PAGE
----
This is Unwonk. We respond to your legal questions with relevant and useful information. If you would like to submit a question, please visit our site at Unwonk.com.
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Even though the general information on this podcast is provided by actual attorneys, you’d be an idiot to think it is actual legal advice, and you’d also be the type of person who decides to vote for a presidential candidate because they’re the type of person you’d like to have a beer with. You know what, of all the people I actually have beer with, i’d like none of them to ever be president.
And now, our first question.
My husband and I took our kids (4 years old and 2 years old) to a restaurant in Las Vegas when they opened at 5:30 - we always take them early because it's less crowded and they won't bother many people. The restaurant refused to seat us, saying that they don't allow young children. Is that even legal?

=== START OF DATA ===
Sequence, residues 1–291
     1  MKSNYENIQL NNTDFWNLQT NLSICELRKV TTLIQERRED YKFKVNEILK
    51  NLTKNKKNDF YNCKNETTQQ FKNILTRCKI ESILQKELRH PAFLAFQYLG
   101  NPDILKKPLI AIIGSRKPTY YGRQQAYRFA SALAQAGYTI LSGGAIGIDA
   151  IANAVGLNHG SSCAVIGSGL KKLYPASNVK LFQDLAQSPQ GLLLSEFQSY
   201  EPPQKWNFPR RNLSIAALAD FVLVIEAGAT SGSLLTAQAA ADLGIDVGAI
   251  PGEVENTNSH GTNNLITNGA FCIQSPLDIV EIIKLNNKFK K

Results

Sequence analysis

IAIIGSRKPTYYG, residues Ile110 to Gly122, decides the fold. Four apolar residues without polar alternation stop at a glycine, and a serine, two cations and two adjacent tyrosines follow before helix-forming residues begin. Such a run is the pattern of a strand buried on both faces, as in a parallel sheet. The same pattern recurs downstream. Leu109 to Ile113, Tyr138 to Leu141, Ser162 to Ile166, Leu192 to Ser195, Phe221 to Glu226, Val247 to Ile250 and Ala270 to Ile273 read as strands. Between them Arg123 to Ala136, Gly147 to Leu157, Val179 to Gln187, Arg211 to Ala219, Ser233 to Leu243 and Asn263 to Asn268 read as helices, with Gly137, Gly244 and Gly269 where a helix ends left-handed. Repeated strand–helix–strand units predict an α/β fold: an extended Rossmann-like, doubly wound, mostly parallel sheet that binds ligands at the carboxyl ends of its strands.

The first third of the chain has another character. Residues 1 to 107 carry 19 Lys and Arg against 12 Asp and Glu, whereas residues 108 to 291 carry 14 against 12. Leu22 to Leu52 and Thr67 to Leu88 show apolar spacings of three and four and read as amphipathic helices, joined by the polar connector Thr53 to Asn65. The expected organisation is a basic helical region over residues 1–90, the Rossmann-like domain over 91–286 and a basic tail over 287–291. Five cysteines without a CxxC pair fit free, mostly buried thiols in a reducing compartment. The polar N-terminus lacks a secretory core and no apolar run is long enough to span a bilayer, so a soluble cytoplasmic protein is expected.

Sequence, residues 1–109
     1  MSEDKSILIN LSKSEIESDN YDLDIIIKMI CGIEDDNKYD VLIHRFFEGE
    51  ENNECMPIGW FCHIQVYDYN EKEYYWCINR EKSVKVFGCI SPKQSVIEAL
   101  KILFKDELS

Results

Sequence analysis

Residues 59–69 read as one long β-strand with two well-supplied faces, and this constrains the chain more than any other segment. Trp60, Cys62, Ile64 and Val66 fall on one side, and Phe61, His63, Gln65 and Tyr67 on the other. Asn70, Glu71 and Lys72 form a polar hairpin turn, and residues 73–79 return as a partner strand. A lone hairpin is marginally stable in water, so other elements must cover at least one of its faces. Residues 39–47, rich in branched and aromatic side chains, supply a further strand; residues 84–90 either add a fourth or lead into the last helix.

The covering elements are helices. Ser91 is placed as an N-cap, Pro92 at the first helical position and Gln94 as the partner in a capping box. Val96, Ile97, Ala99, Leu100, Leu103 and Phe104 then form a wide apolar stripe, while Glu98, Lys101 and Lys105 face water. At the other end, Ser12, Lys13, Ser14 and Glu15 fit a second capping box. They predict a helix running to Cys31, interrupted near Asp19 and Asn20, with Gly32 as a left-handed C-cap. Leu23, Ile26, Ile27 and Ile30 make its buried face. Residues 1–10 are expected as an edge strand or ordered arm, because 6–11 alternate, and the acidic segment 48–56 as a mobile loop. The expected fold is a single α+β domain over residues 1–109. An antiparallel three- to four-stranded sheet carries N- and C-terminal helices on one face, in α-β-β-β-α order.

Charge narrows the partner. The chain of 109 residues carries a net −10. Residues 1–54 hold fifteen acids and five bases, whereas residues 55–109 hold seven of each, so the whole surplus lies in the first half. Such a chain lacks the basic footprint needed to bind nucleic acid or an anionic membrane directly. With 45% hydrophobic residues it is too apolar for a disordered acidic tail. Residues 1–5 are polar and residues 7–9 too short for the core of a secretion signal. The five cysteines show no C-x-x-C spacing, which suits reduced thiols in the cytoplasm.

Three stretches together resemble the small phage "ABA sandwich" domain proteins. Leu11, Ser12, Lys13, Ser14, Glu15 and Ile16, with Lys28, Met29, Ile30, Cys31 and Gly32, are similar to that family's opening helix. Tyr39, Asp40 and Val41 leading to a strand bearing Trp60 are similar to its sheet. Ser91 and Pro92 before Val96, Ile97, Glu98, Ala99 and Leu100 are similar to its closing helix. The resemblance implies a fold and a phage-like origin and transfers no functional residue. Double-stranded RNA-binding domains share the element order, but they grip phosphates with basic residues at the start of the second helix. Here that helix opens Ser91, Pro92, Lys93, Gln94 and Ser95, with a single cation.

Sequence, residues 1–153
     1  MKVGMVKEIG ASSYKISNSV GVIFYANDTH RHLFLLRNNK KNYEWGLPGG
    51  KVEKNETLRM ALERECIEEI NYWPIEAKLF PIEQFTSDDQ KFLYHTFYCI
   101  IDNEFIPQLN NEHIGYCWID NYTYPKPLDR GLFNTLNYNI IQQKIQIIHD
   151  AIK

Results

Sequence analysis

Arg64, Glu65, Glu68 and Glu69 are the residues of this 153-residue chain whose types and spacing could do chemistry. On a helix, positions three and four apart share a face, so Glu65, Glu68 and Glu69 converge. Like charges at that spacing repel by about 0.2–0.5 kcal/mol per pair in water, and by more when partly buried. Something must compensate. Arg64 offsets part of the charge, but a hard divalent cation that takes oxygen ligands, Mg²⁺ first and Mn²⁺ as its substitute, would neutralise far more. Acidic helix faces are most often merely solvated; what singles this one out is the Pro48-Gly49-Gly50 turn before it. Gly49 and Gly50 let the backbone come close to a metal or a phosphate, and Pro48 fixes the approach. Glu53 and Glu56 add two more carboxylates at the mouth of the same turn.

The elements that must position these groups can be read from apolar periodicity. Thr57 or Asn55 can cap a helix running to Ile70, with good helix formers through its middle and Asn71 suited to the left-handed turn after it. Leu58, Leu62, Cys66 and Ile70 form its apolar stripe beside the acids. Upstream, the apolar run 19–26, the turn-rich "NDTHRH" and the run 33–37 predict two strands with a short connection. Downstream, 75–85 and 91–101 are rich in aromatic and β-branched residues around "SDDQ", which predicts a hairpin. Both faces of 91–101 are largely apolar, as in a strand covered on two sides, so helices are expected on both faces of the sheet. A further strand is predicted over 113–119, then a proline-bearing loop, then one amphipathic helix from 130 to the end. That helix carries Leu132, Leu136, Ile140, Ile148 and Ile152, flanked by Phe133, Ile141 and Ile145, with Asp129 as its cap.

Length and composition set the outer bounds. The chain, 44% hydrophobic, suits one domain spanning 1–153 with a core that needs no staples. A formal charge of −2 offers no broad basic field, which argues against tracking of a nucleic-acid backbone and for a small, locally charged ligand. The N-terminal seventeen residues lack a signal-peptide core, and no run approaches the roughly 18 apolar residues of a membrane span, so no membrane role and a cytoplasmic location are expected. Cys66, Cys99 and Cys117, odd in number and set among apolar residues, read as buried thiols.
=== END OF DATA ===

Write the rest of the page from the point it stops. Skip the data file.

No question, there are two kinds of restaurant patrons. Those who have kids and those who don’t.
People who don’t have kids exude a tangible dread and pissedoffedness upon seeing a family walk into a restaurant. It’s visible - you can see them tense up, just waiting for one of the untamed children to throw food or feces, scream something, or unleash a torrent of puke. It’s also one of the only times I actually see strangers roll their eyes in public. From their annoyed and apprehensive reactions, you’d think that Monty Python’s Spanish Inquisition just rolled into the joint.
It’s really just generally childless people I’m talking about.